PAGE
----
>> won, I don't think we can dismiss the effect of that support. According to
>> Craig Unger ("House of Trump, House of Putin") studies by UC Berkeley and
>> Swansea University in Wales concluded that Russian intervention swung 3.23%
>> of the vote for Trump. That was overall, but because of the electoral
>> college system, what matters is state-by-state. Trump won Wisconsin 47.2%
>> to 45.5%. He won Pennsylvania 48.2% to 47.5%. Etc. So, if Russian
>> intervention just tipped the vote in such states by half of that overall
>> estimate, it made the difference. (NOTE: I am NOT saying that Trump won
>> because of Putin. It's like a football game where one side, which normally
>> is faster and stronger, vastly underperforms with a number of fumbles,
>> missed catches, and general lack of attention. But because they're faster
>> and stronger, they keep the game close. Then the ref blows a call in favor
>> of the other team. That call was the final straw, but all the fumbles and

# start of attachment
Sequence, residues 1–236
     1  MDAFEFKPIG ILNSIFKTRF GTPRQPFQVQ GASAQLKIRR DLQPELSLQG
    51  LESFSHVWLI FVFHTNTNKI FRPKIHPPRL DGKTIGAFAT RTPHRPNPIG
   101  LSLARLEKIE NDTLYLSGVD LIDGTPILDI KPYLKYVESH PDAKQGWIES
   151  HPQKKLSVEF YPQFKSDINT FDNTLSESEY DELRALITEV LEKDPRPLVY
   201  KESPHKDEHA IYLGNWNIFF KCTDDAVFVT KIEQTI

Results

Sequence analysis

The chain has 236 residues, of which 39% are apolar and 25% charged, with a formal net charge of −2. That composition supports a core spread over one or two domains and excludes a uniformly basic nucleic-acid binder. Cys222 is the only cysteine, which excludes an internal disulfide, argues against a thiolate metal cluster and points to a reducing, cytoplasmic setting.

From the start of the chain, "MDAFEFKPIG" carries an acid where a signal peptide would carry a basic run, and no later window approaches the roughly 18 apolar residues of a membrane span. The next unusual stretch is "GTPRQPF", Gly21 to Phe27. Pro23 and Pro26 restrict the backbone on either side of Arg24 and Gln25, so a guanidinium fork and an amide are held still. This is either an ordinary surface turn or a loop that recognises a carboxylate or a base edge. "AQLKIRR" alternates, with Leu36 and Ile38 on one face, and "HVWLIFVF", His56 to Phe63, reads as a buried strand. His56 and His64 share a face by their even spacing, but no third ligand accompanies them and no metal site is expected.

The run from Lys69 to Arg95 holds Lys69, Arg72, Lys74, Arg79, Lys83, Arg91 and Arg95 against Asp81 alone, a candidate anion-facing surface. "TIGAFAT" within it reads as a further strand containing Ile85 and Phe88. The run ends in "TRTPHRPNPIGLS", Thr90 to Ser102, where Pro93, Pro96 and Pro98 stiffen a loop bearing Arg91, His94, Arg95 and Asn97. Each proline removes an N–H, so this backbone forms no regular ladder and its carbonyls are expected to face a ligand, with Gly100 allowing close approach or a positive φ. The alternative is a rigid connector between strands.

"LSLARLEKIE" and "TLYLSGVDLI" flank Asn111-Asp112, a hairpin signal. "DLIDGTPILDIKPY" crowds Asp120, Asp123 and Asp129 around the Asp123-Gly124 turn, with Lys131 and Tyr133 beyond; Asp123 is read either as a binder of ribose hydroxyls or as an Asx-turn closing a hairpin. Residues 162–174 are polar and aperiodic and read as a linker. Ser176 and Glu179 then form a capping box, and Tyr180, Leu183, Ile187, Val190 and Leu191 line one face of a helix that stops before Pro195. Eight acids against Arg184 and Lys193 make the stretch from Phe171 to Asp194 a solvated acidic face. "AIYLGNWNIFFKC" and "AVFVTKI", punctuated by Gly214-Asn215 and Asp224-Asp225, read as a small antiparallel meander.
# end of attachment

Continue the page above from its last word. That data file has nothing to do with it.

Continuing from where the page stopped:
>> lack of attention of the stronger team is what really made the ultimate
>> difference.)
>>
>> The main thing is this: Maybe Trump does not represent a qualitative step
>> towards bonapartism, although I believe he does. But in any case, never
>> before in US history have we had a president who had such ties to a rival
>> capitalist class, and one that rules through outright bonapartism at that.
>> Shouldn't that cause us to step back and look at the situation in the US
>> through fresh eyes?
>>
>> John Reimann
>>
>> On Thu, May 9, 2019 at 10:35 PM Dayne Goodwin <daynegoodwin at gmail.com>
>> wrote:
>>
>>> some thoughts -
>>> doesn't 'Bonapartism' develop in a situation of relative stalemate in
>>> the class struggle?  Is that the situation in the U.S. today?
>>>
>>> Does past historical experience indicate that the bulk of the capitalist
>>> class is typically thrilled to adjust to relying more and more on a fascist
>>> dictator?
>>>
>>> Is the Putin-Trump relationship one-sided or do they both find some
>>> advantages in it?  Maybe Trump's 'friendly' relationship with Putin is an
>>> ancillary asset as Trump jockeys for power in the U.S. capitalist state?
>>>
>>
>> --
>> *“In politics, abstract terms conceal treachery.” *from "The Black
>> Jacobins" by C. L. R. James
>> Check out:https:http://oaklandsocialist.com also on Facebook
>>
>

-- 
*“In politics, abstract terms conceal treachery.” *from "The Black
Jacobins" by C. L. R. James
Check out:https:http://oaklandsocialist.com also on Facebook